Yesterday, my family held a surprise party for my Mum’s sister, Josy. It is her 70th birthday, so we all decided a party was in order. Mum was one of ten children—seven girls and three boys—and I’ve heard so many stories about their childhood. Although their parents had very little money, in many ways I would have loved to be one of them. They were always (and still are) very close, and their childhood sounds like it was idyllic. Josy is the second-youngest, but my dear Auntie Gwenda (who was the youngest) died in 2008, so Josy is the youngest living. She’s had a hard life, all in all, but she’s the most generous and giving person I’ve ever met. She genuinely would give you her very last pound if you asked her for it. She’s just a lovely lady.
The story I want to share today is based only very loosely on reality. It’s the kernel of an event, taken and changed into a short story. I’ve changed the names of all the sisters, but I can tell you that, in this story, Henrietta is Josy. I hope you enjoy it. (In the photo, Josy is second from the left. Mum is the one in the wheelchair at the front.
“Henrietta Joyce, outside. Now!” Edie grabbed her sister’s wrist and yanked her from the chair. The rest of the siblings trotted behind.
“What have I done now?” Henrietta asked, huffing as she struggled to keep up.
Ten children tumbled outside, and were met with a thick blanket of humidity. This whole summer had been hot and sticky. Hannah and Cherry lay a blanket on the grass, whilst Gillian produced the boxing gloves; the Carmichael children’s most revered playthings.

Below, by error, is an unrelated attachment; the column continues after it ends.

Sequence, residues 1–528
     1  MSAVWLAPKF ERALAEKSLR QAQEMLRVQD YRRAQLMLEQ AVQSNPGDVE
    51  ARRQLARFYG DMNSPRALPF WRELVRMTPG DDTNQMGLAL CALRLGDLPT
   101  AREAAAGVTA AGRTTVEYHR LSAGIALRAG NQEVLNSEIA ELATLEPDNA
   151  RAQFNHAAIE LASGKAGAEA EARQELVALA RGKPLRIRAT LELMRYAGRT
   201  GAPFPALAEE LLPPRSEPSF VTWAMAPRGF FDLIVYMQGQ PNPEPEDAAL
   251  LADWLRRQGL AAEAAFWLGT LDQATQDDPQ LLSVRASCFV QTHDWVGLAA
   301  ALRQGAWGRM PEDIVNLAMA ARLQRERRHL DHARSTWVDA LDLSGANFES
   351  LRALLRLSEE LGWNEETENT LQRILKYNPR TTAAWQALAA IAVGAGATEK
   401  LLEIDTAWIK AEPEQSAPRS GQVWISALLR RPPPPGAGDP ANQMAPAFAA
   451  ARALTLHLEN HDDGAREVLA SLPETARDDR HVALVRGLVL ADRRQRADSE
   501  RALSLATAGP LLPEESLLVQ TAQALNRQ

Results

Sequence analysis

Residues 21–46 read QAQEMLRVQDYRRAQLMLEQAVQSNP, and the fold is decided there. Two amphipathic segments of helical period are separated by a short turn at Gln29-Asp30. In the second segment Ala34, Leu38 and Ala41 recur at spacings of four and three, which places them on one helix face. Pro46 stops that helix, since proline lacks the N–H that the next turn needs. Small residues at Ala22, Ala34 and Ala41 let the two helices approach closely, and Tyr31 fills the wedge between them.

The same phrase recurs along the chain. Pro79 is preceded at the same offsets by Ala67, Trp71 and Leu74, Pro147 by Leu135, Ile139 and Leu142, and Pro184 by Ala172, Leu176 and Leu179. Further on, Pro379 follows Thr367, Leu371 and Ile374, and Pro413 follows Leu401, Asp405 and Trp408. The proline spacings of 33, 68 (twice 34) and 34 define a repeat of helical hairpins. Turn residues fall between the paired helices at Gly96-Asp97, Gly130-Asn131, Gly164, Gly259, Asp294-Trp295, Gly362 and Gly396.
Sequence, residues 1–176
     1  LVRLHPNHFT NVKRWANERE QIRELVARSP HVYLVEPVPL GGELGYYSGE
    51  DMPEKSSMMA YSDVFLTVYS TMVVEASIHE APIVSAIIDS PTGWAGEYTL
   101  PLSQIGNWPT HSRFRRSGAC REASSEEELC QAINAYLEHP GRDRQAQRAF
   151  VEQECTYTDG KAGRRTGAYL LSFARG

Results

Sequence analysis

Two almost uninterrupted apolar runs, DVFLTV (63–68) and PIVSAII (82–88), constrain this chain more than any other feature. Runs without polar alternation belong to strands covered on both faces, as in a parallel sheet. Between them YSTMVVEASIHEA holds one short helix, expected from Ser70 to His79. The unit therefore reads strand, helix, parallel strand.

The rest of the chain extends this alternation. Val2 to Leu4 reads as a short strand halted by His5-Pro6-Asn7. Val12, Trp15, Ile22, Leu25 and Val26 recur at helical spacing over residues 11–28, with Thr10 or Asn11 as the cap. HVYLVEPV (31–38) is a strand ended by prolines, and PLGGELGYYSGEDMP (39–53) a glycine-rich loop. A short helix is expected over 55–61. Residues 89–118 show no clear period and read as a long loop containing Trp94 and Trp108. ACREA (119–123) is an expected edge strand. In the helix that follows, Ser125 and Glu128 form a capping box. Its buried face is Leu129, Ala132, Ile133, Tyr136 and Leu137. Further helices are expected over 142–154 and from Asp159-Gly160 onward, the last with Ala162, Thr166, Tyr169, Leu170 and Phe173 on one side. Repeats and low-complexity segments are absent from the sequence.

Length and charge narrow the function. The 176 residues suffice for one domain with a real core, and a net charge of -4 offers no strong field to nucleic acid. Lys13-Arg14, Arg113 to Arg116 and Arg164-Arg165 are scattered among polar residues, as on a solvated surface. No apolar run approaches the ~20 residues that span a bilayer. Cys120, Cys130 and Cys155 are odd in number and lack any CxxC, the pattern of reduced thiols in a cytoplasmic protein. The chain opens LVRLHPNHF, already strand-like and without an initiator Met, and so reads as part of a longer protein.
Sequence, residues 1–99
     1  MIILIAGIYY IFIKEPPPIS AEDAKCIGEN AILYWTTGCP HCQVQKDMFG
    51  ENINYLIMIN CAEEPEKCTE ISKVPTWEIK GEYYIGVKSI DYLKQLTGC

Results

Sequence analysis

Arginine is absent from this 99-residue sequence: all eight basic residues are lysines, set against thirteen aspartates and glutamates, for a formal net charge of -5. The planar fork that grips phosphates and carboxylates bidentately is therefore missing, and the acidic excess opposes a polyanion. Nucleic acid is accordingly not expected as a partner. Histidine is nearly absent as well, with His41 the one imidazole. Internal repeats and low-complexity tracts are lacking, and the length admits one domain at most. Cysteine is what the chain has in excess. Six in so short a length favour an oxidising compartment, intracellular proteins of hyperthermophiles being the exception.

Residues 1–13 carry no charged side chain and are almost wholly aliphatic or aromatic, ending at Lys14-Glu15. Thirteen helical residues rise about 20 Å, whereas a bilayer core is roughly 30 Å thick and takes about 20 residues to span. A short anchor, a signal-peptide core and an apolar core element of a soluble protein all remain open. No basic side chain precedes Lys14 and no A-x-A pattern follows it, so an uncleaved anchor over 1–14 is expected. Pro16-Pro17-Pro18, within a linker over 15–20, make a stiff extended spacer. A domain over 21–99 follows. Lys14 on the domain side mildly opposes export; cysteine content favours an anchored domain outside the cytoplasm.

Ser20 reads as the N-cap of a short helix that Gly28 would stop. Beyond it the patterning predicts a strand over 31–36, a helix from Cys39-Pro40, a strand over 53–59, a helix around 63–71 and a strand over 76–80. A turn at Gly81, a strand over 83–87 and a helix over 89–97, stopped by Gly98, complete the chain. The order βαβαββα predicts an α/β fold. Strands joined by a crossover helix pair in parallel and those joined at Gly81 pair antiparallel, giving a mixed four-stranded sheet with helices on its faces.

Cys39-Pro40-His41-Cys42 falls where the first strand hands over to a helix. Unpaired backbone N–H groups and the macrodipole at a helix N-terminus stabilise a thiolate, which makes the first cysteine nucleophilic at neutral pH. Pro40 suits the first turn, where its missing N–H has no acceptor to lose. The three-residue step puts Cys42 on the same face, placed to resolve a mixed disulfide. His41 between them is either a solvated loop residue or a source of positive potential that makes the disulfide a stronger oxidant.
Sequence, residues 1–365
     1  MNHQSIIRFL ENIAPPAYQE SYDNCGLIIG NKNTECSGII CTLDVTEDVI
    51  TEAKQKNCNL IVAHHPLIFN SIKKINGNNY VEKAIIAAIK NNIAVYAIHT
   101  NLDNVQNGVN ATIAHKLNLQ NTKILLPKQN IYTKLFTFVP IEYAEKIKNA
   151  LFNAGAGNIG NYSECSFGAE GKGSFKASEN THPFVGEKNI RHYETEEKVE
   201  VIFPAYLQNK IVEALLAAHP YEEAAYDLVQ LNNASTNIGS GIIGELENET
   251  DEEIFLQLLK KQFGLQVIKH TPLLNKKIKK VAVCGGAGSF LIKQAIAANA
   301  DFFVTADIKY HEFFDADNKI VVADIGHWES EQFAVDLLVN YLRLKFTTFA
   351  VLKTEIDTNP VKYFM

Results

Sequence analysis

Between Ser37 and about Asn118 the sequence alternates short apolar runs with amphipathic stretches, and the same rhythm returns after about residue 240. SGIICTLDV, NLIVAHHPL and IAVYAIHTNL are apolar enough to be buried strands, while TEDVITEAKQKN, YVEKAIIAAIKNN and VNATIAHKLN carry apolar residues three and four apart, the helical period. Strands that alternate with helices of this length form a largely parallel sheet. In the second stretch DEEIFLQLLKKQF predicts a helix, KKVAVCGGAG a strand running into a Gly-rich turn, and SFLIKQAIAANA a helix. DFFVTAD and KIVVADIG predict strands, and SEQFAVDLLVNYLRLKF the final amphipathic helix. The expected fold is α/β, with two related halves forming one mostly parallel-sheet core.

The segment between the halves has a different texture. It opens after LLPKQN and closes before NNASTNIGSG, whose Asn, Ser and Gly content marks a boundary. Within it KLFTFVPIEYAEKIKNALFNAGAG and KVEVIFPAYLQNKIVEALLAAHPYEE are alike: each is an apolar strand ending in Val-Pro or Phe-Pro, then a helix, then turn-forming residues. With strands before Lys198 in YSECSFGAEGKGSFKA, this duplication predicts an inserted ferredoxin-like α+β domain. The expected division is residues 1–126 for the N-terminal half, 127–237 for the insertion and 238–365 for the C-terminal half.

“Seriously? The gloves? What am I supposed to have done?” Henrietta looked from sister to sister, none of them meeting her eyes.
“You took my floral jacket without asking and left it at the dance hall. Now, I challenge you to a fight.”
Henrietta shifted feet. “Come on, Edie. You never wear it now you’re going steady with Charlie. You only have eyes for the leather jacket he bought you. I think it’s because you love hi—”
“Shut up, Henrietta! I do not love him. What do you know about love, anyway? You’re nothing but a silly, little girl.”
Henrietta sighed. “Hannah, hand me the gloves.”
“Ha! I knew I’d get you.” Edie beamed as she stretched in preparation. “Best of three. Loser carries the other’s school books every day for a month. They do all their chores, and that includes Little Gran’s shopping.”
“I hope you’ve got a free calendar, Edie.” Henrietta turned to her sisters and whispered those words that were a red rag to a bull: “She’s too chicken to do this.”
Edie flew at Henrietta, but the younger sister was more nimble. She ducked and dodged Edie’s gloves, finally delivering a sucker punch that knocked her sister to the floor. Pauline counted to five, and the first round was over.
Henrietta bounced from side to side; throwing fake punches. “Round Two,” said Pauline, throwing her arms dramatically in the air.
As the two girls fought over the floral jacket they all knew Edie didn’t even want, the rest of the sisters knew better than to pick sides. Seven neatly-ribboned heads watched the punches fall.
There was never any question who the winner would be. Bespectacled Edie was at a disadvantage the second her glasses fell to the floor. Cherry leaned over to Hannah and whispered in her ear, “Edie’s crazy, I swear. She was never going to beat Hetty, was she?”
“I know,” Hannah replied. “But that doesn’t matter. Edie had to fight as a point of honour. You know how it works, Cherry.”
Shaking her head, she sat back in time to see her older sibling crumple to the floor. Caroline (always the saviour!) rushed a glass of water to her side.
Peering through narrowed eyes, Edie glared at her sister. “I hate you, Hetty. Why are you so good at this?”
“I’m not good. You’re rubbish.” Henrietta laughed and skipped back inside.
“I hate her,” said Edie to the rest of her sisters as she felt in the grass for her broken spectacles.